Today, travelers are hoping to experience a destination “like a local,” getting a true insider’s look at where to eat, what to see, which neighborhoods to explore. We’re all about that. Discovering a destination’s hidden gems is truly one of the most rewarding aspects of travel. But sometimes, that mindset lures new visitors astray. Never been to Paris before? Don’t skip the Eiffel Tower or the Louvre, please! They’re famous—and popular—for a reason. These not-so-hidden gems provide invaluable insight into a destination, be it an epic view, or a priceless look at its history, whether or not you decide to wear a fanny pack.
Here, we take a look at why it’s okay to embrace your inner tourist when visiting a new destination, and what exactly should be on your radar around the country.
One of America’s most historic cities, Boston has been at the forefront of America’s development since the Colonial Era. Nowadays, the tech, education, medical and cultural hub is one of the best places to be a tourist.
The most popular and worth-attending historical tours in Boston take travelers through the Freedom Trail. Daily tours run for 90-minutes, and take walkers to sixteen historic sites around town. Among these coveted sites, attendees can look forward to visiting the Boston Common, Park Street Church, Old South Meeting House, Boston Massacre site, and Faneuil Hall.
For over a quarter century, Boston’s Duck Tours have served as the other major provider of historical and cultural tours of the city. Taking place in a boat-bus landing vehicle, these excursions move seamlessly from the streets to the calm waters of the Charles River. Sites include Quincy Market, Government Center, and Beacon Hill. If you’re a first-time visitor to the city, or if you’ve been here before but thought it was too “touristy,” we firmly believe it’s worth it.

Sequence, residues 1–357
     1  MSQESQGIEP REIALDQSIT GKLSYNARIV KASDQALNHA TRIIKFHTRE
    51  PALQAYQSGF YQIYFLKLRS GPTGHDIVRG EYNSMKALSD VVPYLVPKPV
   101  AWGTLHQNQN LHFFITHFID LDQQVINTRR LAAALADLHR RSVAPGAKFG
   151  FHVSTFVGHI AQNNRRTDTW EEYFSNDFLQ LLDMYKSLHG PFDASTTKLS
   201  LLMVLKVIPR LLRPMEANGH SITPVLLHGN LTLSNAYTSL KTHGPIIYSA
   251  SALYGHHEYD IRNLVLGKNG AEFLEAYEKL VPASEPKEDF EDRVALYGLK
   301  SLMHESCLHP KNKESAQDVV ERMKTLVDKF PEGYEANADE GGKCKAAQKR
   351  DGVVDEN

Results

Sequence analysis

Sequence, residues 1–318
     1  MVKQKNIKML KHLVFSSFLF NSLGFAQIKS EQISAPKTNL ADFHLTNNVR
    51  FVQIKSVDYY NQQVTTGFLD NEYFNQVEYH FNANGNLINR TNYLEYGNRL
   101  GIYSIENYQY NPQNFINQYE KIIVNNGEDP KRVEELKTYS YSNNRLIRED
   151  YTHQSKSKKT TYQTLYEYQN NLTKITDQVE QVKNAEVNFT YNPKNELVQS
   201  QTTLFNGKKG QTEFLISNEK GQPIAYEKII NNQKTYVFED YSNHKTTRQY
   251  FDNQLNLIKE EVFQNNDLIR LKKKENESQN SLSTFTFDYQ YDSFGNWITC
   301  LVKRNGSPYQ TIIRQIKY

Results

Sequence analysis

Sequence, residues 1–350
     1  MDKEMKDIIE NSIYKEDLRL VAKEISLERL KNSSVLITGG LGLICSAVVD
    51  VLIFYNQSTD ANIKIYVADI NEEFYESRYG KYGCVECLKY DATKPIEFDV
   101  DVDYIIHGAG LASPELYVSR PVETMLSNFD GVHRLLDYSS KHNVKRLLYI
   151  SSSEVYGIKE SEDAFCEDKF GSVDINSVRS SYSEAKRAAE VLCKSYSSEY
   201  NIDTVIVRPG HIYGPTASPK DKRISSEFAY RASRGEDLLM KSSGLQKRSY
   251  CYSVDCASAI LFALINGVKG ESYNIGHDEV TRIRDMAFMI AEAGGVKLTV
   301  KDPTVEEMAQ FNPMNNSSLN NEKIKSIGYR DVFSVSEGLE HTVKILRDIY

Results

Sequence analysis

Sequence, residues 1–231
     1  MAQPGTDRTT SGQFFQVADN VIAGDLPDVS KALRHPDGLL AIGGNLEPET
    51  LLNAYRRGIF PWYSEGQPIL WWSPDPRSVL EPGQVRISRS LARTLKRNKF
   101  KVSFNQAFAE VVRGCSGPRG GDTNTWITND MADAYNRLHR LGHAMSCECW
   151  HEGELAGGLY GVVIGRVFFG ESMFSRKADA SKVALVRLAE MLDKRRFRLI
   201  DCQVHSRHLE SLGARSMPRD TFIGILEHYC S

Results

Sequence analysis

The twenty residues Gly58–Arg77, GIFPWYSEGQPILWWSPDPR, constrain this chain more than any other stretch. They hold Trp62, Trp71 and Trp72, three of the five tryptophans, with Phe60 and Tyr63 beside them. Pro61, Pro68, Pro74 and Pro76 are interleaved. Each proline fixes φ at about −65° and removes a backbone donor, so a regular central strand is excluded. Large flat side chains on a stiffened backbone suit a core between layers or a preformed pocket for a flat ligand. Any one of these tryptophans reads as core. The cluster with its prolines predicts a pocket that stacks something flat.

Find your Boston tourist home base at The Boxer Boston.
There are endless ways to experience NYC. But the Big Apple’s sheer size means that a few of its most iconic sites really do help give the lay of the land. The Empire State Building or One World Observatory, for example, are both perfect for seeing Manhattan’s grid of streets from above, while a Circle Line Cruise or boat ride to the Statue of Liberty give excellent perspective on the ever-changing skyline. And while you won’t be alone at the Met, MoMA, the Guggenheim or the Whitney, you will be within arm’s reach of some of the world’s greatest art ever created, with each gallery offering entire worlds of opportunity for self-reflection. Of course, Central Park is the one tourist attractions even locals return to on a daily basis. The leafy expanse is beautiful any time of year.
Recently, Brooklyn, too, has ascended the ranks, home to its own must-see attractions. Take the Brooklyn Museum, with its rotating schedule of world-class exhibitions, and the legendary Coney Island Boardwalk, a recently-redeveloped stretch of beachfront with a century-old amusement park.
When you’re in Philadelphia, it’s tempting to play the casual card and ignore the famous attractions in town. But don’t leave without gaining a better understanding of the city’s history and vibrant arts scene. The 75-minute Constitutional Walking Tour of Philadelphia includes over 20 historic sights such as Independence Hall, where the Declaration of Independence was signed. And foodies will want to discover Phillly’s buzzy restaurant scene, trying at least one cheesesteak during their trip (and maybe other local classics like tomato pie). In between meals, culture lovers shouldn’t miss their tourist photo-opp at the encyclopedic Philadelphia Museum of Art, home to the Rocky Steps, along with a world-renowned collection of artworks.
Embrace your Philadelphia tourist status at The Independent.